Prologis shines and has cash to spend


The shares of Prologis are on a roll, now trading at a 52-week high of $52.9 and up 25% since the turn of the year.

The current market value per share of the San Francisco-based developer of warehousing and distribution centres is roughly $1.7 above consensus estimates from analysts, and implies forward p/e and EV/EBITDA multiples of 44x and 22x, respectively – and both of these metrics represent a huge premium against the market’s.

Therefore, Prologis clearly needs plenty of growth to deliver rising shareholder returns, which so far have been made possible by strong execution as well as high net leverage and solid income streams from dividends.

Notably, the shares also trade at 13 times forward estimated revenues of $2.3bn for the year, and were recently boosted by all-time low vacancy rates, which were a key highlight in the second-quarter results, when the group also upped guidance for full-year earnings.

It said net earnings guidance “increased $0.89 at midpoint, primarily a result of an increase in expected gains from the disposition of real estate”. Occupancy rates stood at 96.1% in the second quarter against 95.9% one year earlier.

There are remaining risks associated to its growth forecasts, of course, yet there is little doubt Prologis is doing exceptionally well, with quarterly revenues rising 18% to $602m year-on-year. Top-line growth was even more pronounced in the first half of 2016, with sales surging 24% to $1.2bn.

Operating income stood at $142m against $87m one year earlier, rising 58% to $271m in the first half of the year on a comparable basis.

“Net earnings per share was $0.52 compared with $0.27”, one year earlier, it said, boosted by higher funds from operations (FFO), up 18.2% to $324m. By comparison, earnings per share were much weaker in the first quarter on a comparable basis.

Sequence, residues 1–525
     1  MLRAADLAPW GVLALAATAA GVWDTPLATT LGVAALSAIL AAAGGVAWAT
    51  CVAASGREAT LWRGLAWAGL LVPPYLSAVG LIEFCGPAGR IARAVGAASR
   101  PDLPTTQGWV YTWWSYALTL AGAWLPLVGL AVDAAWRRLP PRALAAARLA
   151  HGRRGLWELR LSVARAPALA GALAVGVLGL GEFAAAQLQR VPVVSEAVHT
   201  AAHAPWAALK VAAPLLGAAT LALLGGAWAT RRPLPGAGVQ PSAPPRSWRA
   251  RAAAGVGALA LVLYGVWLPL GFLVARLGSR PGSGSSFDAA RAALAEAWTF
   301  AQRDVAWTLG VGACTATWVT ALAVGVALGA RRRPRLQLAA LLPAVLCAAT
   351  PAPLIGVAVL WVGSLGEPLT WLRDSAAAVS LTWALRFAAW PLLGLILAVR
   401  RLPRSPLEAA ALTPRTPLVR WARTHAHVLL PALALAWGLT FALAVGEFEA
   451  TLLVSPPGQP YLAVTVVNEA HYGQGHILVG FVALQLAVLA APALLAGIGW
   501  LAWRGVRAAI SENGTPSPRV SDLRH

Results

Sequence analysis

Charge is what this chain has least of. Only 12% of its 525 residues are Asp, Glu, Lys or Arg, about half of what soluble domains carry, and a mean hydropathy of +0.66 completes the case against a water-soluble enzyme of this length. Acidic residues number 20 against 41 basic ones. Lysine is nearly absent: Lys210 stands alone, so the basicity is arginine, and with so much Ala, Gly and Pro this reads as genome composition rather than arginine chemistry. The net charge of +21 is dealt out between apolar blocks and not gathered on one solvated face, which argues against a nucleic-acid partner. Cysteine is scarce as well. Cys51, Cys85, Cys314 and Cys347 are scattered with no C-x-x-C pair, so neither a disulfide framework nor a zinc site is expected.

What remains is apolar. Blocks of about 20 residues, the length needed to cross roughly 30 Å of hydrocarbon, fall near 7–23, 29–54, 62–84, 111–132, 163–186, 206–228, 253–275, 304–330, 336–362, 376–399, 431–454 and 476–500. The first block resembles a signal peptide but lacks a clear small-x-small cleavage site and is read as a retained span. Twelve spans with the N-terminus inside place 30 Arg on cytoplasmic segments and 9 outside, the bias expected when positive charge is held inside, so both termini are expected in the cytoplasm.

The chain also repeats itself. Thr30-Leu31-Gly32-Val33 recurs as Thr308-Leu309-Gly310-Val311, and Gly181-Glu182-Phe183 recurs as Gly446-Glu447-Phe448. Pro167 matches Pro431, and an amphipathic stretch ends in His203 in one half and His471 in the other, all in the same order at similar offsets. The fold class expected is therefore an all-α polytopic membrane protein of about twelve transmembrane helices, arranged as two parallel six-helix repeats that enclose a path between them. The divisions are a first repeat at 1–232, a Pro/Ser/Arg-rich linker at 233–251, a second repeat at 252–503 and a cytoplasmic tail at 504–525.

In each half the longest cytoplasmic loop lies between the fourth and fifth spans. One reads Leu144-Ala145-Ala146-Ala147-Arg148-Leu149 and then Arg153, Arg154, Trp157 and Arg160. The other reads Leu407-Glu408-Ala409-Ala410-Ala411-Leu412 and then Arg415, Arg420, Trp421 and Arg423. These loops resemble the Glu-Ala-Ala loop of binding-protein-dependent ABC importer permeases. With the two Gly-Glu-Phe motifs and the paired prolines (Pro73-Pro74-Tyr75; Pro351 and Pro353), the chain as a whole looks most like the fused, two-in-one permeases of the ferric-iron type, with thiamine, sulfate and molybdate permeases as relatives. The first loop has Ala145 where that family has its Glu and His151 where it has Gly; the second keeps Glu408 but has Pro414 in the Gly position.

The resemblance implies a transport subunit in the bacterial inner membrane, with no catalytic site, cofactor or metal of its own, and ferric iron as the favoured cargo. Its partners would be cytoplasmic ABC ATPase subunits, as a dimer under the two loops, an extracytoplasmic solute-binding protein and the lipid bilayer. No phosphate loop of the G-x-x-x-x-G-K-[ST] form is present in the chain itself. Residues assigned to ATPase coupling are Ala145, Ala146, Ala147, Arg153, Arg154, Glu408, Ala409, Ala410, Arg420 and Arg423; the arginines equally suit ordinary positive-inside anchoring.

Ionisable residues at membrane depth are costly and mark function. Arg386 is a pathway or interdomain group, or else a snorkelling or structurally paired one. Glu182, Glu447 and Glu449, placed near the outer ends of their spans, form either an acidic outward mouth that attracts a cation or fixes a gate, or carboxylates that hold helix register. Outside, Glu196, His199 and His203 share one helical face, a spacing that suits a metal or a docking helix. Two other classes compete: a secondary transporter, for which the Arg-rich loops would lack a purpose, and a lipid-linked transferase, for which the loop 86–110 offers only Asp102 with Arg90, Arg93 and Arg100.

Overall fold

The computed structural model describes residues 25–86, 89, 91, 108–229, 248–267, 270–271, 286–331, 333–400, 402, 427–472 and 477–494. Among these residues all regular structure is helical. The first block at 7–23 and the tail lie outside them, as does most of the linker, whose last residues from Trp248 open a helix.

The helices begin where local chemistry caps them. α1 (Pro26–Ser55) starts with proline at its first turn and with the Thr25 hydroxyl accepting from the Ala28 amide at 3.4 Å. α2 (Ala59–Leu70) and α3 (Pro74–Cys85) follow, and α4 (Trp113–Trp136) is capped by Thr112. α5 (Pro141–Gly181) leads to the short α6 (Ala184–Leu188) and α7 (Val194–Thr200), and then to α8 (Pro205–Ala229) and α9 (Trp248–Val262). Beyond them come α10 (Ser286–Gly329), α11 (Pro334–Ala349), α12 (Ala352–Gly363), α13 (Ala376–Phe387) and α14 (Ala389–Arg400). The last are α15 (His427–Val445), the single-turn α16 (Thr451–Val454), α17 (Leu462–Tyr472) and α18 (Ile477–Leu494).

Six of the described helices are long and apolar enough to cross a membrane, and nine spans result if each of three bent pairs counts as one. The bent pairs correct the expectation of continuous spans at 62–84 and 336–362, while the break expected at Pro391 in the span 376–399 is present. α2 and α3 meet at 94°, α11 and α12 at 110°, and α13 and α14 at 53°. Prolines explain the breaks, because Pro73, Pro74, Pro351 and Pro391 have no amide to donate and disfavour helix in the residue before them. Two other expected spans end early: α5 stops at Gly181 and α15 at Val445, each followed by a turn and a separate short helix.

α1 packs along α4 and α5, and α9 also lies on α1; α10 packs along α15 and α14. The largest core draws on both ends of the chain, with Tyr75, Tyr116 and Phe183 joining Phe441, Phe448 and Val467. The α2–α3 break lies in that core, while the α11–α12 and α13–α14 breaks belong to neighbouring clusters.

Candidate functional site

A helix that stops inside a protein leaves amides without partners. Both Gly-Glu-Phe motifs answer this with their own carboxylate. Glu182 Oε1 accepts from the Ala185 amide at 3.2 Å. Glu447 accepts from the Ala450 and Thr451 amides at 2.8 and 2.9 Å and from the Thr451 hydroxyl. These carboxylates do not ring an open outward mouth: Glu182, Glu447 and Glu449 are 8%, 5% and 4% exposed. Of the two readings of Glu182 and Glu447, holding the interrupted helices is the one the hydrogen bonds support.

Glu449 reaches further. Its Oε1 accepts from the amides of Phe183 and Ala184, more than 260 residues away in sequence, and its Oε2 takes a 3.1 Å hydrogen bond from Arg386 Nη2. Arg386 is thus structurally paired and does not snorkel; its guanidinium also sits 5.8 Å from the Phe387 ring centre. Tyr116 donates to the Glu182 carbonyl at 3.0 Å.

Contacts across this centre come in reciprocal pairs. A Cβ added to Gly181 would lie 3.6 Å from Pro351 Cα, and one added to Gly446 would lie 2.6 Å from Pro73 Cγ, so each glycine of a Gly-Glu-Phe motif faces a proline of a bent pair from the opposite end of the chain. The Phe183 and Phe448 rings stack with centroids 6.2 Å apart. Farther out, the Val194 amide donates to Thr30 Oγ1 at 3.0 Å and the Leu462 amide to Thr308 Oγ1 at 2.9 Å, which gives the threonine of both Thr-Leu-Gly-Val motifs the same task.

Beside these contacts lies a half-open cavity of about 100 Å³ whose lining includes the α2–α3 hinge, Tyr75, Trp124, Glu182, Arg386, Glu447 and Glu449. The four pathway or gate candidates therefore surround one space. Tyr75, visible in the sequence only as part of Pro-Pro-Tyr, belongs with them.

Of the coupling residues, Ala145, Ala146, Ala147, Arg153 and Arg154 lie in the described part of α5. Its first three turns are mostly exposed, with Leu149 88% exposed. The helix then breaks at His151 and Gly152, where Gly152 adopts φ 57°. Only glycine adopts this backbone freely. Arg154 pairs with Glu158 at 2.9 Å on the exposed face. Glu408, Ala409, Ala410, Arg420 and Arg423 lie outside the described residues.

Quarterly dividends per share (DPS), meanwhile, rose to $0.42 from $0.36 year-on-year, while in the first half of the year DPS stood at $0.84 from $0.72 one year earlier.

There was hard evidence to back up the upbeat remarks from chief financial officer Thomas Olinger, given that the group now boasts a liquidity position of more than $3.7bn, “the highest level in the company’s history”.

Gross cash and cash equivalents rose to $369m from $264m at the end of 2015, while its gross debt position was unchanged at $11.6bn during the period, which compares with a book value of equity standing at $18bn, and a market cap of $27bn.

As we pointed out in early May, Prologis wrapped up a refinancing deal that could turn out to be a game-changer, assuming favourable market conditions persist. One caveat for income investors, however, is that it is adopting a very aggressive dividend policy.

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Source: Transport Intelligence, July 27, 2016

Author: Alessandro Pasetti